Q: I've decided on a species of wood, what other decisions do I need to make?
A. Once you choose the wood species, the next consideration would be what "grade" of wood would be the best choice for your project or your taste. The "grade" is simply the appearance of the wood.
Clear: Clear grade may have some small imperfections, but it is free from defects.
Select: Select grade wood is similar to clear but contains some natural characteristics like knots and color variations.
Common: Common grade wood (No. 1 and No. 2) has even more natural characteristics. No. 1 Common has a diverse appearance, light mixed with dark colors, knots and wormholes. No 2 Common grade is rustic in appearance and emphasizes all wood characteristics of the species.
Once you have decided on your grade, the next consideration is what width or widths of flooring would be best suited for your project. Strip flooring comes is flooring with a width of 2 ¼" width. Traditionally older oak flooring or maple flooring utilized this width. Plank flooring starts at 3" and goes as high as 6" widths. There is flooring available (that ENMAR carries) that can go as high as 22". Any widths over 6" will have a natural cupping effect to the floor due to the weight and width of the board that is being nailed. This natural cupping is not a reason to replace your flooring. Your project may require only one width or several widths combined to produce the look or effect that you are trying to achieve.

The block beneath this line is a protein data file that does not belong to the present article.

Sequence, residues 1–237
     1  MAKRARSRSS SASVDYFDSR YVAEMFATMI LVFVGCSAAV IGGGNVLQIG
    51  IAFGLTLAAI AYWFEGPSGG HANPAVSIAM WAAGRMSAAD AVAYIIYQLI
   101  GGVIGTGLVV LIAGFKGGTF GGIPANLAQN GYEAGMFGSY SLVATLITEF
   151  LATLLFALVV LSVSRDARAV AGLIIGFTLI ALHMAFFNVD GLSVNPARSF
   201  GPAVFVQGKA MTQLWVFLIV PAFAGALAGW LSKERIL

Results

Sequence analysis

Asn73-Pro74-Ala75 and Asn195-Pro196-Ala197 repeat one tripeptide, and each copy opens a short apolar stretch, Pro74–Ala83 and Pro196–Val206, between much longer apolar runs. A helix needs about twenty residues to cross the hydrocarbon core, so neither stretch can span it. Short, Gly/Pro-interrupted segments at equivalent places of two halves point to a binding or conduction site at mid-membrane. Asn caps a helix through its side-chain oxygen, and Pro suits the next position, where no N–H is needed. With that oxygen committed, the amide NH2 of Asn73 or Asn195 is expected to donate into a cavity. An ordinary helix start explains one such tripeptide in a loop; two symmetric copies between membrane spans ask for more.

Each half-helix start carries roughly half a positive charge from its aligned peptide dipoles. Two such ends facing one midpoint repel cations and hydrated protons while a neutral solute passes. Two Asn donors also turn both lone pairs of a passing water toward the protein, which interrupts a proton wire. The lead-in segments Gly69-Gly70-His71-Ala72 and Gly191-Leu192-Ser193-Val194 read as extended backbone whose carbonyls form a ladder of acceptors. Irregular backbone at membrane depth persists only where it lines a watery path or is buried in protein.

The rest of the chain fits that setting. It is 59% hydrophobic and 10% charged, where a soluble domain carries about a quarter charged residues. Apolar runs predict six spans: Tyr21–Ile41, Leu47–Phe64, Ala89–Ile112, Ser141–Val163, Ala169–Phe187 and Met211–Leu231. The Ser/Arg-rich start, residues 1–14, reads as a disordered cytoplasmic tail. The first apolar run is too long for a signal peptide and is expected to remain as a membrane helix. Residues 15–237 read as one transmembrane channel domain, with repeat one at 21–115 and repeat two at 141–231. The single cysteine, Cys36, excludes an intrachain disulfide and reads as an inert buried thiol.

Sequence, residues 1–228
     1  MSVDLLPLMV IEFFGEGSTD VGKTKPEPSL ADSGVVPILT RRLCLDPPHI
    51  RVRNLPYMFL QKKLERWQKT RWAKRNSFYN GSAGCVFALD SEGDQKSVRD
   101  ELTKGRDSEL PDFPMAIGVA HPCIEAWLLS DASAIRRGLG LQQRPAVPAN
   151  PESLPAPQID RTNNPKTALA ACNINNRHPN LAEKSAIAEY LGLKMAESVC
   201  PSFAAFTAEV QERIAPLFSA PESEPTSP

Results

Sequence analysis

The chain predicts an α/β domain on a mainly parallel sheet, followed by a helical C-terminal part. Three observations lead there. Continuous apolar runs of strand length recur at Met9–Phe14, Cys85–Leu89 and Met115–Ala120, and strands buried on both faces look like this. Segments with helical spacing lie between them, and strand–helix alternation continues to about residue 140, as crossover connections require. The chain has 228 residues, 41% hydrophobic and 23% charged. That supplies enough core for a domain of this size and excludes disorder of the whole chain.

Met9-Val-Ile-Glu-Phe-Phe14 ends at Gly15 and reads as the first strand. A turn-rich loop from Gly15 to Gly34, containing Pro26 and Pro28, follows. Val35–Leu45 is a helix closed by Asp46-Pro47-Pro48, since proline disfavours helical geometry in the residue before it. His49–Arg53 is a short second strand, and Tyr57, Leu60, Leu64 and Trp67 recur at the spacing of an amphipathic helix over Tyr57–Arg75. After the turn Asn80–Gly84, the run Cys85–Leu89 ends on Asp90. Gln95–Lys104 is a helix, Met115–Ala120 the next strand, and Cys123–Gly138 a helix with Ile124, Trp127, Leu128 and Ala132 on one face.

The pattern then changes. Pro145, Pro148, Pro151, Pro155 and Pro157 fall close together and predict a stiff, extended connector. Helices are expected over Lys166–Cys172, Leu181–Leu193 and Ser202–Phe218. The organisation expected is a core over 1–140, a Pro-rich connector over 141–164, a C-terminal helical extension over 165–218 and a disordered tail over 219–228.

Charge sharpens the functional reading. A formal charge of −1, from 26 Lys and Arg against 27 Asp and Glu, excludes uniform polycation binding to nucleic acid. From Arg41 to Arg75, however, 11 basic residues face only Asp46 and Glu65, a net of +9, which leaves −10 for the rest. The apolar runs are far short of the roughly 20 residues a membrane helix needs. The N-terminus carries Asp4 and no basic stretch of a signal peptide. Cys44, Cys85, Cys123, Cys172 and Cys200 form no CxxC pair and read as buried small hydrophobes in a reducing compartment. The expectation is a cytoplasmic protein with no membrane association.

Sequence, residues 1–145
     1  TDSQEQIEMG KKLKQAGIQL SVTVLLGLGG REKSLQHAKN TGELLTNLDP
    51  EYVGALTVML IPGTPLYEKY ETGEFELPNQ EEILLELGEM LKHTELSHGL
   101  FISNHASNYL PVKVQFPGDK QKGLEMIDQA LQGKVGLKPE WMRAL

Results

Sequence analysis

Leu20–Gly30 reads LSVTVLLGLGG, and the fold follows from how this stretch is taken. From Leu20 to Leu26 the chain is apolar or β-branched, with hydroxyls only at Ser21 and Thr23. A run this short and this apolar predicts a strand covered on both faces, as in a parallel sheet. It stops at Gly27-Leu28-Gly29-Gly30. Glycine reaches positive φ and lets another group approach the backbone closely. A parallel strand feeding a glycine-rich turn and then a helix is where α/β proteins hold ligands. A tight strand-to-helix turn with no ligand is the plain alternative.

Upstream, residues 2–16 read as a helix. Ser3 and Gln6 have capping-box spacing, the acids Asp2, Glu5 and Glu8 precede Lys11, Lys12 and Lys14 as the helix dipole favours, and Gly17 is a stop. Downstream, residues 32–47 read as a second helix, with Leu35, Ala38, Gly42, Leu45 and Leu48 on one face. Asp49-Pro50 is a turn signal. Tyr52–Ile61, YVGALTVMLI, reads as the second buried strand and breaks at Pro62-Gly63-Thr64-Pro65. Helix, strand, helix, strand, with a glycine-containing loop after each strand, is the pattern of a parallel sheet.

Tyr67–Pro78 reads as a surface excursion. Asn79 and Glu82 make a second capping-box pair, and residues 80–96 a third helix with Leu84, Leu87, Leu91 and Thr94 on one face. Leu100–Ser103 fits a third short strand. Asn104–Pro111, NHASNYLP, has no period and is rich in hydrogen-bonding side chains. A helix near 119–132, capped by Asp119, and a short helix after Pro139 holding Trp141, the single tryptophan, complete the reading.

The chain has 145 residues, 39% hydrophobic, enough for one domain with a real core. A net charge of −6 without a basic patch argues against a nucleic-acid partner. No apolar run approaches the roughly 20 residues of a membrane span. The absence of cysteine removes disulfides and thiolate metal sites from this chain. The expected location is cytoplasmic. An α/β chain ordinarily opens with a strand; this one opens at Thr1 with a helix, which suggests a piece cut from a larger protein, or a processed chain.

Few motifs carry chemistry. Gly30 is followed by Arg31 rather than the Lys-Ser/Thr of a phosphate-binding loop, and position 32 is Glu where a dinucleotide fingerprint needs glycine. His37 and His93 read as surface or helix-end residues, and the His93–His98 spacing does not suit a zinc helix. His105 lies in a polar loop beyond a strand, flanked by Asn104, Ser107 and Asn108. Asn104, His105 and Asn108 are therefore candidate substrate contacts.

What other decisions to make after chosing wood?
The next consideration is the look of the face of the wood. If you're looking to a achieve a smooth look or feel to the flooring, then we suggest a square edge flooring. Are you looking to achieve some texture to the look of the floor? A consideration would be some hand scraping or distressing. The amount of distressing can be adjusted from light to heavy. The reclaimed wood typically has natural distressing inherent to that type of flooring.
Another choice to consider is if you want a bevel to your flooring? Any hand scraped or distressed flooring will have some degree of beveling required from micro to standard. Ok, thought you're done making choices, but you are not. Are you looking for a solid jobsite finished flooring-that would be a floor that is installed and finished on site or are you looking for a prefinished flooring-flooring that has been finished off site and installed? Are you looking for a solid thickness flooring (wood that is ¾' thick) or are you looking for an engineered type flooring (flooring that can be as little as 3/8" total thickness to as thick as 3/46" total thickness)?
It's fast, easy and done without any expectation or obligation.